First impressions count. The gateway to Bristol has for too long been the antithesis of everything good that our city has to offer. It is one of the most dynamic and progressive cities in the UK, with a burgeoning economy and a quality of life that attracts people from all over the UK and further afield.
But, for visitors arriving into Temple Meads, the entrance our city is frankly an embarrassment and needs drastic attention. The Arena is key to turning this around and will act as a catalyst for regeneration, helping to completely revitalise the entire area around the station and providing a focal point that will link the Enterprise Zone with the existing Temple Quarter business area.
This will be an appropriate gateway to a world class city to rival the likes of Birmingham’s impressive newly refurbished New Street Station and Manchester’s Victoria Station, which last year underwent a £44m renovation.
There’s a real sense that Bristol is on a roll but we have some way to go if we are to catch up with the likes of these bigger cities, and a central part of that is continuing to invest in the city’s physical and economic infrastructure.
Delivering an Arena is at the heart of this. When JLL hosts investors, developers and businesses that are considering moving here, they want to see more than shiny office buildings; they want to see that Bristol can offer a good mix of leisure activities too.
A project like the Arena could be the difference between a major business choosing Bristol as its base or not, and of course that has an impact on jobs. We are now the only major UK city without one – a glaring omission for anyone looking to invest here.
The effect on tourism will also be huge. Bristol has a great name for its creative energy and independent spirit but I believe that the Arena will fill an important gap in bringing new visitors to the city and cementing our role as the capital of the region.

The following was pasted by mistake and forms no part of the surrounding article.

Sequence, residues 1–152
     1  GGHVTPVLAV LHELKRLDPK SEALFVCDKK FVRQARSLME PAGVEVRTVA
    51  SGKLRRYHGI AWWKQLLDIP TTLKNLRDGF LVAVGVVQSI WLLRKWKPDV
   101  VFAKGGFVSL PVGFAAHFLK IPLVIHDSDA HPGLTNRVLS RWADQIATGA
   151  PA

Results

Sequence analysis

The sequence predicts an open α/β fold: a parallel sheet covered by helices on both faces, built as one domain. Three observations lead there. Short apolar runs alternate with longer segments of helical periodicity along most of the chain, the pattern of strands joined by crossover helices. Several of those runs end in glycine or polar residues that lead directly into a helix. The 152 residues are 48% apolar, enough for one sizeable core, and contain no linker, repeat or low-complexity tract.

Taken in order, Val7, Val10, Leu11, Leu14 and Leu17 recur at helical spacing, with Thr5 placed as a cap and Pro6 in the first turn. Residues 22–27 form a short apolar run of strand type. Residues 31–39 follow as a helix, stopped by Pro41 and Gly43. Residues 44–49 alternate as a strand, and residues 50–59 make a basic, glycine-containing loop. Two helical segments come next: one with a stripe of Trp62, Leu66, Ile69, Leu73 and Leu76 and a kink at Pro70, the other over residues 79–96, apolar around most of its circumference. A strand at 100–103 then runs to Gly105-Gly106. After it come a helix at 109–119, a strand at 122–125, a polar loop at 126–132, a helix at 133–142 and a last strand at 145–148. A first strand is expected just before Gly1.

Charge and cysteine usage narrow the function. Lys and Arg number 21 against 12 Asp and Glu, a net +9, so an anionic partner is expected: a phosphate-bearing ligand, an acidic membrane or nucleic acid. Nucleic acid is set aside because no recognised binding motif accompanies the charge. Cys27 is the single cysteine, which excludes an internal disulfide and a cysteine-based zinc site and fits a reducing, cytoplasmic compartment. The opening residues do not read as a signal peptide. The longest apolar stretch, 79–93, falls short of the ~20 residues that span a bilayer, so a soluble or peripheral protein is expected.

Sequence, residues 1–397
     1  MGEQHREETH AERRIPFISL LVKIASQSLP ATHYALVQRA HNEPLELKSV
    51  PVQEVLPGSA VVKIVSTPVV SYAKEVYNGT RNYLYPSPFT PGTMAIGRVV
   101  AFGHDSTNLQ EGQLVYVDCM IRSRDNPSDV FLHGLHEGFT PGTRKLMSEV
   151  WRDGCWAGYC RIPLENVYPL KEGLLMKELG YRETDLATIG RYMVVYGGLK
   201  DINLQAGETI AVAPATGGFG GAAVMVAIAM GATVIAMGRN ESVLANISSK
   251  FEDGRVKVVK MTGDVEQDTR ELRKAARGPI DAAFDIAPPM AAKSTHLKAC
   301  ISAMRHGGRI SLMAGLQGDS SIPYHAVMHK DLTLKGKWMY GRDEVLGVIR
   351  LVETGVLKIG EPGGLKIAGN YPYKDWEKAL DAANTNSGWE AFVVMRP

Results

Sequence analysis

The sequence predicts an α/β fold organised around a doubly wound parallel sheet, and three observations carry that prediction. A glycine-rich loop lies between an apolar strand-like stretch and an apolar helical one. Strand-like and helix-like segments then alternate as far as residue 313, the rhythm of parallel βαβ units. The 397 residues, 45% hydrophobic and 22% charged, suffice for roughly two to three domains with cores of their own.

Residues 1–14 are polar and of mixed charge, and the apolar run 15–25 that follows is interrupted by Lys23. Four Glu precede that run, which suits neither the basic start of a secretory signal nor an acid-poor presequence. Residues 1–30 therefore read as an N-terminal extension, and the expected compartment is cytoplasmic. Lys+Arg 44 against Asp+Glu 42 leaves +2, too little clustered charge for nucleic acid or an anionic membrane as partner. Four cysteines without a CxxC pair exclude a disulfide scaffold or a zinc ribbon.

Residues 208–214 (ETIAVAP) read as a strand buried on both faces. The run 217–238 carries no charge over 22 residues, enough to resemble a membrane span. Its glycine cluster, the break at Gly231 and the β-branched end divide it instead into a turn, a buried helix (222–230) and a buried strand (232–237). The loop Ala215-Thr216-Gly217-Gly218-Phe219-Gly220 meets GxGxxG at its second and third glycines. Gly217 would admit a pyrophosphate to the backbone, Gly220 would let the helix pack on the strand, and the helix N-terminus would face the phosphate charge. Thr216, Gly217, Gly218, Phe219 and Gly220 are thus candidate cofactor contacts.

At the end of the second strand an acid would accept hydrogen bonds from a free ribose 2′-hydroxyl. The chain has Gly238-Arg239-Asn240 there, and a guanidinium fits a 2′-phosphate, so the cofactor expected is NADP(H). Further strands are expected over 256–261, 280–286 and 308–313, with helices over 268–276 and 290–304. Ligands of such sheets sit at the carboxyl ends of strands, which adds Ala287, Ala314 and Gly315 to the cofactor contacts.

I believe this can be done in a way that preserves Bristol’s unique qualities but also puts us on the map among a national audience. Glasgow’s 12,000 seat SSE Hydro Arena is a good comparison – completed in 2013, it attracts 1.5 million visitors a year. Not to be forgotten is the huge amount of money this city is currently losing by not having an Arena. Each time Bristolians have to travel outside to Cardiff or Birmingham to see an act, this is money lost for the city.
With Bristol moving up the rankings as one of the UK’s most popular places to live, the Arena is an essential piece of leisure infrastructure that will surely only increase its popularity. And as the trend for city centre living continues to increase, the Arena will serve the needs of this urban dwelling population well.
The Arena has been a long time coming and further delays will be denting investor confidence. Investors want certainty and anything which raises a query over the project will be greeted with dismay. And then there’s the material impact which this delay could have. Bristol and much of the rest of the UK has a relatively strong economy and development activity is good.
But development always happens in cycles and we are probably about half way through this current one. Any delay could mean we miss this cycle and funding for projects around the Arena, such as Arena Island and the former Parcelforce sorting office, could be more difficult to secure.
Increasing build costs are another real risk. They have been going up consistently over the last three years and this is unlikely to change so this delay could mean that the cost of building the project will increase.
We shouldn’t underestimate the effect that a landmark project has on a city. You only have to look at Birmingham’s new library, refurbished station and Grand Central shopping centre to see how these sorts of projects can change people’s perceptions.
The Arena is a crucial part of the Temple Quarter jigsaw that will not only transform Bristol’s gateway but also deliver an iconic development that will make a positive statement about the city to all who come here. Bristol has been waiting for too long for its own game-changing project. I, for one, don’t want to wait too much longer.
Jeremy Richards is head of JLL’s Bristol office.
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